“You know, if you ask a professional athlete what the hardest thing is to do in sports, they’ll all say hit a baseball, but a coach once told me that the hardest thing to do in sports is to walk into your Superbowl locker room at half time and change the strategy that got you there ’cause it’s no longer working.” – The character of President Josiah Bartlett on “The West Wing”.

Even if you’re not a West Wing fan, you can appreciate the challenge implied in the above quote. And, if you deal with protection of data and the resiliency of information systems at work… that quote may hit extra close to home.

The way the majority of businesses today are protecting their data and increasing the resiliency of their systems isn’t working anymore. It may be showtime for your company, but if the data protection and resiliency strategies are no longer working… it’s time to throw out that one and get a new one.

At the end of September, the National Institute of Standards and Technology (NIST), announced the release of a Discussion Draft of Special Publication (SP) 800-37: Risk Management Framework for Information Systems and Organizations: A System Life Cycle Approach for Security and Privacy. According to DataBreachToday, this is the first time in 7 years the document has been opened for revision.

One of the major goals of the update is to remediate the miscommunication and disjointed nature of the C-Suite level of the organization and the implementers of the protection and resiliency systems. In the DataBreachToday audio, NIST Fellow Ron Ross explains that the first Risk Management Framework relied on organizations employing the framework at the systems level. Because the systems level doesn’t always communicate well with the C-level, misunderstanding, miscommunication and misalignment of protection resulted.

The new framework throws out the strategy that got us where we are today. Instead, it seeks to involve the C-level in the risk management framework decisions from the start then integrates that framework down to the systems level.

“Senior leaders have a lot on their plates. They deal with a lot of important issues within an enterprise.” Ross explained in the interview. “When you look at security and privacy components of risk management, those are really only 2 of many things senior executives have to worry about. There’s programmatic risk, budget risk, reputation risk; all these things are coming together and have to be dealt with, so the things that we do in the NIST publications that deal with security and privacy are feeding a larger enterprise-wide risk management process. Where, those are fed into, and taken into account, as you’re making those larger more holistic risk management decisions for the enterprise.”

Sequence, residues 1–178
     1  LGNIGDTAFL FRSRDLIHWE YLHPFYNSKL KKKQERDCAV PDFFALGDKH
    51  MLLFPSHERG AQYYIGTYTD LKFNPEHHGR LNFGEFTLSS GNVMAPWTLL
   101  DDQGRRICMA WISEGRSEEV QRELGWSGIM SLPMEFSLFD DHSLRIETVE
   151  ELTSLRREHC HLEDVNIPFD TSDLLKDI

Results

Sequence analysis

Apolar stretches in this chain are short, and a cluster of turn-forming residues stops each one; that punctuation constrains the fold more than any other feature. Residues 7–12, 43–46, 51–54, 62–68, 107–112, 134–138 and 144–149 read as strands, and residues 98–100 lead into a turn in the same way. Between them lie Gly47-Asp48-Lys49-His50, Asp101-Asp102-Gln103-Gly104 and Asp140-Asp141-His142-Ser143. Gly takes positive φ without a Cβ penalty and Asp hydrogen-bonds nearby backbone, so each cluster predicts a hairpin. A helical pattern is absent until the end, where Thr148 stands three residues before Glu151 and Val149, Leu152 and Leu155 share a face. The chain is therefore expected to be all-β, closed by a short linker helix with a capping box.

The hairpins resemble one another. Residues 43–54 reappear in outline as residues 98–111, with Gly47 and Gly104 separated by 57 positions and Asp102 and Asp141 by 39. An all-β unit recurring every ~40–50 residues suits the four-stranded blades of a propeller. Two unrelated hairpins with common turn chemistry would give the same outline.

As a cloud provider involved in the protection and resiliency of business applications, we absolutely see this battle play out in front of our eyes. We see it firsthand when large enterprise organizations are protecting their business’s data with tape backups, because “modernizing backups” isn’t on the budget list for this year. We see it firsthand when we watch IT struggle to communicate the business value of their needs to the C-level and get shot down in favor of funding the next best thing. We see it when the C-level can’t communicate to the systems-level in a way that demonstrates the true end goal they’re trying to accomplish, instead placing more “check the box” demands on the systems-level administrators.

We have to throw out the strategy that got us here. When the internet was created its audience was primarily government and educational institutions. Security and privacy simply were not prioritized in the early designs. As the world got more connected, we began protecting data and systems as they needed to be protected, system-by-system, architecture-by-architecture. Very few businesses sat down at the c-level and said, “How can we mitigate our data protection risk and maintain a digitally resilient business to improve our business model?” Those conversations spark incredibly different outcomes than someone asking, “How fast can we recover if something goes wrong?”

We have to throw out the strategy that got us here today and change the conversation, from the top down. Data protection cannot be a silo, or it will not work. Resiliency cannot be simply an IT initiative, or it doesn’t have the foundation it needs to build upon and succeed.

The NIST Risk Management Framework discussion draft is exciting because it recognizes that for businesses to succeed at mitigating IT risk in today’s world, we have to involve the C-level from a business risk perspective. We have to get better at speaking each other’s languages and we have to give everyone a broad stake in the success by involving groups across the business in the implementation and strategy of IT risk mitigation, security and privacy.

The discussion draft is currently open for comment and according to DataBreachToday, the updated framework is expected to be published in February 2018.